Beekeepers are struggling through one of their most challenging seasons, with cool temperatures and wind significantly slowing honey production.
National Bee Keepers Association president Ricki Leahy said the weather so far this summer had been exactly what the bees did not thrive in.
"We have hives down the West Coast and it has certainly been a miserable summer down there, really," Mr Leahy said.
"The main problem we have with unsettled weather is the bees need to build up a momentum to get a good honey flow going.
"You also need that constant heat to get the nectar in the flowers ... so everything depends on a nice, long stretch of fine weather."
In wet weather, the bees would instead stay in the hive and eat what they had produced from a fine day. That mean beekeepers were not finding much in their hives, Mr Leahy said.
Federated Farmers Bee Industry Group chairman John Hartnell said the unseasonal weather meant the bees were loath to leave the hives to forage, and he predicted there would be at least a 40 percent drop in honey production from last year.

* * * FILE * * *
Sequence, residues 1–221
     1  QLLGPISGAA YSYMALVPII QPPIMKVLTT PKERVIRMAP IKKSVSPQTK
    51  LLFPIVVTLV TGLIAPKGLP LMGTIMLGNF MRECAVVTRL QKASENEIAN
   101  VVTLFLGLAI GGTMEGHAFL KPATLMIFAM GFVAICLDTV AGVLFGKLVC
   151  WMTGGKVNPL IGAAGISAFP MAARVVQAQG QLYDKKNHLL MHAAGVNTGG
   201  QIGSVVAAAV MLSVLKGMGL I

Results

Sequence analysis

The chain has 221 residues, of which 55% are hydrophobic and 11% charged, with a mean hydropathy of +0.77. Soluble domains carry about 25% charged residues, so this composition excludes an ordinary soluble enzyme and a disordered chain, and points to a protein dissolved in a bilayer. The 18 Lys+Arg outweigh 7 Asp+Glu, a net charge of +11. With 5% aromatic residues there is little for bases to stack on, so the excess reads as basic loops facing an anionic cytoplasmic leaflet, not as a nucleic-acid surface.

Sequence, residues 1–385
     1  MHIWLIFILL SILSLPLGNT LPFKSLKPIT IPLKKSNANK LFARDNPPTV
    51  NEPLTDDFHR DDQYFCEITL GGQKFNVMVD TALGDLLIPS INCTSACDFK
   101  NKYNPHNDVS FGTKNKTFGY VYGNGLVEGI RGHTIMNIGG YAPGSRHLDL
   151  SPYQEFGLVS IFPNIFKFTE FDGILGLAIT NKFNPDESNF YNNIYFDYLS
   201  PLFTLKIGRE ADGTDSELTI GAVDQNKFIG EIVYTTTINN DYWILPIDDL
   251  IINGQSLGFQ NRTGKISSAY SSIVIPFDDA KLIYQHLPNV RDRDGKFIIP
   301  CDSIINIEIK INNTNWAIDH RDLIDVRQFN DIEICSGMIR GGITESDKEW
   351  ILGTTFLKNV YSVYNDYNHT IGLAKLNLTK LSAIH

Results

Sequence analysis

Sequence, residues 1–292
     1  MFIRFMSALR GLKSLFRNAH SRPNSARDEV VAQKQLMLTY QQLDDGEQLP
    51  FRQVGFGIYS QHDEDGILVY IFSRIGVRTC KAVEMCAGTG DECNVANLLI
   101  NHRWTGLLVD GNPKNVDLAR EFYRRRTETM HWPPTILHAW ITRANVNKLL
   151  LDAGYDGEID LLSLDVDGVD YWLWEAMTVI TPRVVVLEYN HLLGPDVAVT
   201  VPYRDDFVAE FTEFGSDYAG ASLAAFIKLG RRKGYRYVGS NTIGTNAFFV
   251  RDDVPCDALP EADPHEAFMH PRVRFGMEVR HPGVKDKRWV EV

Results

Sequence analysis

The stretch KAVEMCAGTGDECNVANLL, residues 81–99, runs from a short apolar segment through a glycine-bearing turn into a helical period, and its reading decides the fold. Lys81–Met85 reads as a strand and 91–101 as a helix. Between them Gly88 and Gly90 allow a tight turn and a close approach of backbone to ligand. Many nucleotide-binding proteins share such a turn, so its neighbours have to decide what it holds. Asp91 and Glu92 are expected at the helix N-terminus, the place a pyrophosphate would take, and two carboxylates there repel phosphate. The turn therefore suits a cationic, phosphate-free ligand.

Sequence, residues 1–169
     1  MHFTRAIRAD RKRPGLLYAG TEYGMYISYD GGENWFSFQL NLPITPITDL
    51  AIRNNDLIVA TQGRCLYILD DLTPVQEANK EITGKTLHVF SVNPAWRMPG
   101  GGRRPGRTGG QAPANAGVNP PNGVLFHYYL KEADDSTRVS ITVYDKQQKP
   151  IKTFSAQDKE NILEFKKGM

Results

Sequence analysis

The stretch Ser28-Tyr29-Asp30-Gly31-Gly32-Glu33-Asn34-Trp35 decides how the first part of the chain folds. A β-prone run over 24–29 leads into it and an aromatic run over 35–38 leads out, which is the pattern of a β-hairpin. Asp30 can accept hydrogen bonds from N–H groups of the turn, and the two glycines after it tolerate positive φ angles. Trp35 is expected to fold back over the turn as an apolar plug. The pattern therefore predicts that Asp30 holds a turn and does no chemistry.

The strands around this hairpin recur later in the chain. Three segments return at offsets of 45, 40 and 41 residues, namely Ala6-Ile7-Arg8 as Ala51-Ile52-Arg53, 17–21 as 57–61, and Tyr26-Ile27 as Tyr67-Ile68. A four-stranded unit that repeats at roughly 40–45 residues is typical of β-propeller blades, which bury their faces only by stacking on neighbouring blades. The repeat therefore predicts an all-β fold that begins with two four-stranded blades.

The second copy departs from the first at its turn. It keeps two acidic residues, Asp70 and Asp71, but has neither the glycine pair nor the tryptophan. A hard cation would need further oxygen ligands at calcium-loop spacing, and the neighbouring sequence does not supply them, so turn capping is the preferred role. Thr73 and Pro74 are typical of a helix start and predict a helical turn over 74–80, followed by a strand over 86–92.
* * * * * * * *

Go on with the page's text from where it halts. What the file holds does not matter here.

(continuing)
The domestic price of honey would rise because of what the international markets would be willing to pay to keep New Zealand honey on their shelves. However, that would not help struggling beekeepers.
"There's going to be a lot of beekeepers that probably won't break even this year," Mr Hartnell said.
"They're going to find that their costs of production probably exceeds the actual crop that they'll reap after they harvest.
"Certainly the reports are that the honey boxes are very empty and, in some instances, the beekeepers are still feeding hives that are in more of the high country areas."
The season would be tight for some producers, especially those who operated in the lower revenue-generating honey products which did not reach the "heady heights" of products such as manuka.
In Australia, the honey production outlook was equally dire but for the opposite reason; recent heatwaves and bushfires.